Most local bike shops will stock snowshoes for the winter months also.

I bought my Missus some decent GV ones last year. They float good for her weight, they have crampons and heel steppers, along with a steel hing. They seem to work good. Just gotta make sure the harness is tight and tucked out of the way. MY shoes, however, are indeed antique. I have beavertails from Chestnut Canoe Company with the traditional babiche (spelling???) of caribou hide. They have been “upgraded” to rubber harnesses, which actually work quite well with my boots and mitts in the cold. I have no crampons, which makes up hills , er, FUN, but you can’t beat them for glissading down a steep hill like you are on slowish skis. That said, they need upkeep and proper storage. Barbara can come in and throw hers wherever, the crampons make icy and hard snow irrelevent and the heel steppers keep her feet flat and planted on the steeper climbs. She likes hers, and I like mine.
Sue is right about comfort. MEC has ladies-specific ones. Just like bikes, all our bits and pieces fit different. Anatomically speaking, of course. Best of luck, and like mentioned, get a bit more than a bit less. Both in terms of money and floatation. If you get in some deep, dry light stuff with a heavy pack and a few layers, it will be SO worth it. And some gaiters/leg warmers are nice to go along with. I find a lot of them newfangled shoes flick snow at ya.
Sue is also right about comfort.


Whoops, sorry about the blank post.

I’ve been considering snowshoeing this year for a winter workout. Also something the wife and I can do together, as she is not a cyclist.

Where do you guys/gals go for hiking/snowshoeing in the greater HRM area?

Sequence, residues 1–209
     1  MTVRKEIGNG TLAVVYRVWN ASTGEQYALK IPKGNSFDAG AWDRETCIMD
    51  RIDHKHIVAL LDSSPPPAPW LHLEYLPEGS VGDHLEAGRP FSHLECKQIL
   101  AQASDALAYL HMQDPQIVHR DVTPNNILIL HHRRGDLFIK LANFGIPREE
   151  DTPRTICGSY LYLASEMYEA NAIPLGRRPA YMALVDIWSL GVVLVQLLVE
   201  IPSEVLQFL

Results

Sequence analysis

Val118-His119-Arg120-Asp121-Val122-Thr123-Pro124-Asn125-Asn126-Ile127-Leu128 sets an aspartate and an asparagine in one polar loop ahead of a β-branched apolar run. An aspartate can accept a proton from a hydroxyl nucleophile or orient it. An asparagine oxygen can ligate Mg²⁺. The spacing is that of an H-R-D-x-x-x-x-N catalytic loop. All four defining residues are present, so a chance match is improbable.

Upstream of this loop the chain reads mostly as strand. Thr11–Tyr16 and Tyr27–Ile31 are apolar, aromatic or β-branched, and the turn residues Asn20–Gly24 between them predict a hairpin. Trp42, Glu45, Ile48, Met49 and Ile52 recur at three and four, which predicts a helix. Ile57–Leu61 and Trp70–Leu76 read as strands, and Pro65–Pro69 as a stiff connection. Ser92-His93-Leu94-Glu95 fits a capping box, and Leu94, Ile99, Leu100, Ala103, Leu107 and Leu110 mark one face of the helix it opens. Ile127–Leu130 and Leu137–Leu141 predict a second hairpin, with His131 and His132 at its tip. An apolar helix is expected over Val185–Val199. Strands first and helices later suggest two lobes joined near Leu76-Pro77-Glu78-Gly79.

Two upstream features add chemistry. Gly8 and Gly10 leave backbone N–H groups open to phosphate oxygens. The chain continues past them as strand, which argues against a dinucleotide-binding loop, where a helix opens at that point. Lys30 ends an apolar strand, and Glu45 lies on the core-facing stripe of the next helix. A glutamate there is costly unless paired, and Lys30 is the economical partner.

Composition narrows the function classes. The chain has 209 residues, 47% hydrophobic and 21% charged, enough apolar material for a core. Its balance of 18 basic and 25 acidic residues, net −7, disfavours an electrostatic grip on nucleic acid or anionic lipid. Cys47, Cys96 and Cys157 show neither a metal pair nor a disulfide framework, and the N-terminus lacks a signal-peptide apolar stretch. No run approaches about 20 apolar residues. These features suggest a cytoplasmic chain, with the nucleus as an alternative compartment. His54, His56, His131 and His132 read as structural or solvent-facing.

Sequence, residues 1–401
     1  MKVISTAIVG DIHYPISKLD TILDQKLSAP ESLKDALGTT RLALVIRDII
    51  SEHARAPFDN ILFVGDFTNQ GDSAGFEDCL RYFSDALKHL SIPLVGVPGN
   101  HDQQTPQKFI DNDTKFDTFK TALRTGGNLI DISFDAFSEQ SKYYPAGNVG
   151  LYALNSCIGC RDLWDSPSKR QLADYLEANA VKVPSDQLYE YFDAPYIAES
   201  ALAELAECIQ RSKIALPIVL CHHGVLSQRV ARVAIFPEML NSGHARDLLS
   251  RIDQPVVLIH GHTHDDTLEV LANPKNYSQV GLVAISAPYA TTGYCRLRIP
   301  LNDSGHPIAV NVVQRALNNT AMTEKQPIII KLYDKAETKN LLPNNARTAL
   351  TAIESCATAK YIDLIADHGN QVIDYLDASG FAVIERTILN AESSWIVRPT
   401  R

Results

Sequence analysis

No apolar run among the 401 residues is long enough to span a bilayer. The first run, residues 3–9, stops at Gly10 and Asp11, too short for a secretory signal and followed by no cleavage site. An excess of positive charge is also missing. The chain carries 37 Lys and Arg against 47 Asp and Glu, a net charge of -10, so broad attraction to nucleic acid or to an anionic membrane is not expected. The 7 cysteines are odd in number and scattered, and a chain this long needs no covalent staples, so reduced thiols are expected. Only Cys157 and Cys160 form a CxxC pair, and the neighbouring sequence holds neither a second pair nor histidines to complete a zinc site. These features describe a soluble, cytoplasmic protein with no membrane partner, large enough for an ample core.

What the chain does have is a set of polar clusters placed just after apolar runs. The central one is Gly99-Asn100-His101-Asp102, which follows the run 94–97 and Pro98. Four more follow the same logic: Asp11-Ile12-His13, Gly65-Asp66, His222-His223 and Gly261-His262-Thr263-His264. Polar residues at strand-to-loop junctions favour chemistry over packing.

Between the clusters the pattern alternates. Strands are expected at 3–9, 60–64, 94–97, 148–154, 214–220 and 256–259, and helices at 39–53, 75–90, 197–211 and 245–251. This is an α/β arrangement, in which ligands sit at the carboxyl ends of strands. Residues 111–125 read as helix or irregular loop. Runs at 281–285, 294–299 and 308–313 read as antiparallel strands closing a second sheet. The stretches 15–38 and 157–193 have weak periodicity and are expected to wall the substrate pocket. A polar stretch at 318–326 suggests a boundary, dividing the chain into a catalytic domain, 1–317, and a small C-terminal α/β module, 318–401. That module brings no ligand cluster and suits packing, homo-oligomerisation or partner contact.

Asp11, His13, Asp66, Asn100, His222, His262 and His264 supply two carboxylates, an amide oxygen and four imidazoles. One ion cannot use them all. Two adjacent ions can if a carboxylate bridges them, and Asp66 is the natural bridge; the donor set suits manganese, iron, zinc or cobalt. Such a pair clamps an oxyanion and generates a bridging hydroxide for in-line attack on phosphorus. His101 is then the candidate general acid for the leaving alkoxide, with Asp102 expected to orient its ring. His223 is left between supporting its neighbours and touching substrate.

Thanks for the advice.

The best thing about snowshoeing is you can go ANYWHERE! I think that the best way to snowshoe is to avoid beaten trails at all costs - the beauty of them is that once the ground is covered you can bushwhack through the woods and see things you never see when you’re following a trail. There are some beautiful wooded spots in the Waverly area and also out around Herring Cove / Purcells Cove (MacIntosh Run). Even Whopper and Spider Lake have lots of woods that you never seen when you’re on a bike trail so snowshoes make them idea.

BTW, for anyone who likes to travel a bit farther afield, I’ll give the heads up that Bridgetown in the Valley frequently has 3 or 4 feet of snow when there’s nothing in the city. There’s a beautiful Provincial Park up there with great snowshoeing and XC skiing, and Two Lakes Chalet Resort is attached to the park - a great place to go if you want to rent a cabin and spend the weekend in the woods. We go up there a lot.

Picked her up a pair of Tubbs women specific shoes yesterday. Just gotta find myself a pair now. I was planning on going to the Highlands once too, but Bridgetown could be squeezed in too now that i know of it.

Bridgetown is great! There is a firetower that is kind of neat, and some good shoeing to be had out behind it to the lake and surrounding trails. Great place to boil up some tea in the winter. Also near there is Roxbury at Paradise. What a cool spot to ride/shoe.
Here is a project a buddy of mine did on Roxbury. It’s a climb up, but the ride down is great. Snowshoes are the only way to go here in the winter. Bring a lunch!

Whoops, sorry about the blank post. I’ve been considering snowshoeing this year for a winter workout. Also something the wife and I can do together, as she is not a cyclist. Where do you guys/gals go for hiking/snowshoeing in the greater HRM area? Thanks for the advice.
After it snows we go to Spider Lake in Dartmouth and The Wrandees in Halifax.

Basically anywhere there is snow, you can snowshoe. Parks are nice once you get off the beaten trail. Long Lake, (watch for doggy doo-doo), Spider Lake,(Please DO beat down the trail), Whopper and Fight Trails for more climby-intense 'shoeing. Some of the abandoned roads you see about are great to tramp around on and explore. Basically anywhere. And as cool as it is to 'shoe across swamps and ponds and the like, be mindful of ice thickness. That being said, the entire woods is your highway once it’s froze up and snowed up.

I agree the winters ain’t what they used to be

I remember feet of ice on lakes now I’d be very cautious crossing a lake since the cold fluctuates so much here